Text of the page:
Spartacus is a 1960 film that stars Kirk Douglas as the leader of the ancient Roman slave rebellion. It was directed by Stanley Kubrick, from a screenplay by Dalton Trumbo, which was based on a novel by Howard Fast. Trumbo had been blacklisted during the early fifties. (Trumbo and Fast were both former members of the Communist Party.) At Douglas’s insistence, Trumbo was given an on-screen credit, in violation of the black-list. Spartacus is widely credited with helping to end the black-list in Hollywood.
Because Trumbo was black-listed, many people tend to interpret Spartacus as being about the Red Scare. (I have a deep reluctance to use the liberal term, “McCarthyism”. I will have to discuss that at some other time.) This does seem to apply to the famous “I am Spartacus” scene. There is, however, another way of looking at this film, that is more relevant to our current situation. A large part of the story details how the Roman general, Crassus (Laurence Olivier), uses the uprising to persuade the Roman Senate to give him dictatorial powers, in much the same way the Bush and Obama have used the threat of Al Qaida to persuade Congress to give them virtually dictatorial powers. Some things never change.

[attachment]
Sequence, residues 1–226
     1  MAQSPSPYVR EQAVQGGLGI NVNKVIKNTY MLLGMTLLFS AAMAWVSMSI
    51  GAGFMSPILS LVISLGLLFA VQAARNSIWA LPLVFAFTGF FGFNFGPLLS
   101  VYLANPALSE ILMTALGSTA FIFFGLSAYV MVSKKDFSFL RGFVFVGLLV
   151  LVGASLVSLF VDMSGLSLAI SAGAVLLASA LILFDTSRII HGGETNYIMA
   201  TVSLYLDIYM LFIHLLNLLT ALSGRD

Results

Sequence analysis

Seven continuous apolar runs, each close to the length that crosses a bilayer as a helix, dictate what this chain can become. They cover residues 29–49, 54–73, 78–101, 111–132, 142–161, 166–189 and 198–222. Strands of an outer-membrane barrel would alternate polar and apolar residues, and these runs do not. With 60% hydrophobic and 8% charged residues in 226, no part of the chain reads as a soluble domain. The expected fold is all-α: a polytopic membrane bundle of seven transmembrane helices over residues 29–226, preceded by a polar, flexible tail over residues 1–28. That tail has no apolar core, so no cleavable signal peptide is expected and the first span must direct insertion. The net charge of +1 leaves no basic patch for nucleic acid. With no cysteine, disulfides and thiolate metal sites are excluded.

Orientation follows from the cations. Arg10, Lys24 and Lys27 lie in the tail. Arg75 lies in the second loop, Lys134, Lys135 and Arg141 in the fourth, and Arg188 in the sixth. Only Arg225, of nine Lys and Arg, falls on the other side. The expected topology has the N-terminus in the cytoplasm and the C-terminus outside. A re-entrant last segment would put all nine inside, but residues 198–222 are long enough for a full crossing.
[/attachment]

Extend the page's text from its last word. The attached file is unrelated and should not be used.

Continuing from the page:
Spartacus has some powerful moments. The battle scenes are well done. The final battle between Spartacus’s army and Crassus’s is impressive to watch. And it’s fun to watch Charles Laughton and Peter Ustinov as a couple of scheming Roman politicians. I can’t, however, call Spartacus a great movie. It drags in some places and it is sentimental in others. A fight scene between Kirk Douglas and Tony Curtis towards the end of the film is contrived and unconvincing. And Alex North’s music score is repetitive and sentimental in places. Kubrick did not have complete artistic control over this film, which seems a shame to me. This could have been a truly great film.